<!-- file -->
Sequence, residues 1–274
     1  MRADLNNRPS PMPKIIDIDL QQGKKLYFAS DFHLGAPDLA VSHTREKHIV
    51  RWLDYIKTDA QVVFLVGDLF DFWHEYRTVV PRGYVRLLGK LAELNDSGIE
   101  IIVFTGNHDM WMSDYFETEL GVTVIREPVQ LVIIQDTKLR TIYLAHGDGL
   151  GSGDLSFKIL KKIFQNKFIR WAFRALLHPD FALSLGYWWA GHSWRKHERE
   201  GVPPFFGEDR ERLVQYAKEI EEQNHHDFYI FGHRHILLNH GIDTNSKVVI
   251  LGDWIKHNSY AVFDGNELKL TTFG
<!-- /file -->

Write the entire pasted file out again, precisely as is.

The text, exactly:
Sequence, residues 1–274
     1  MRADLNNRPS PMPKIIDIDL QQGKKLYFAS DFHLGAPDLA VSHTREKHIV
    51  RWLDYIKTDA QVVFLVGDLF DFWHEYRTVV PRGYVRLLGK LAELNDSGIE
   101  IIVFTGNHDM WMSDYFETEL GVTVIREPVQ LVIIQDTKLR TIYLAHGDGL
   151  GSGDLSFKIL KKIFQNKFIR WAFRALLHPD FALSLGYWWA GHSWRKHERE
   201  GVPPFFGEDR ERLVQYAKEI EEQNHHDFYI FGHRHILLNH GIDTNSKVVI
   251  LGDWIKHNSY AVFDGNELKL TTFG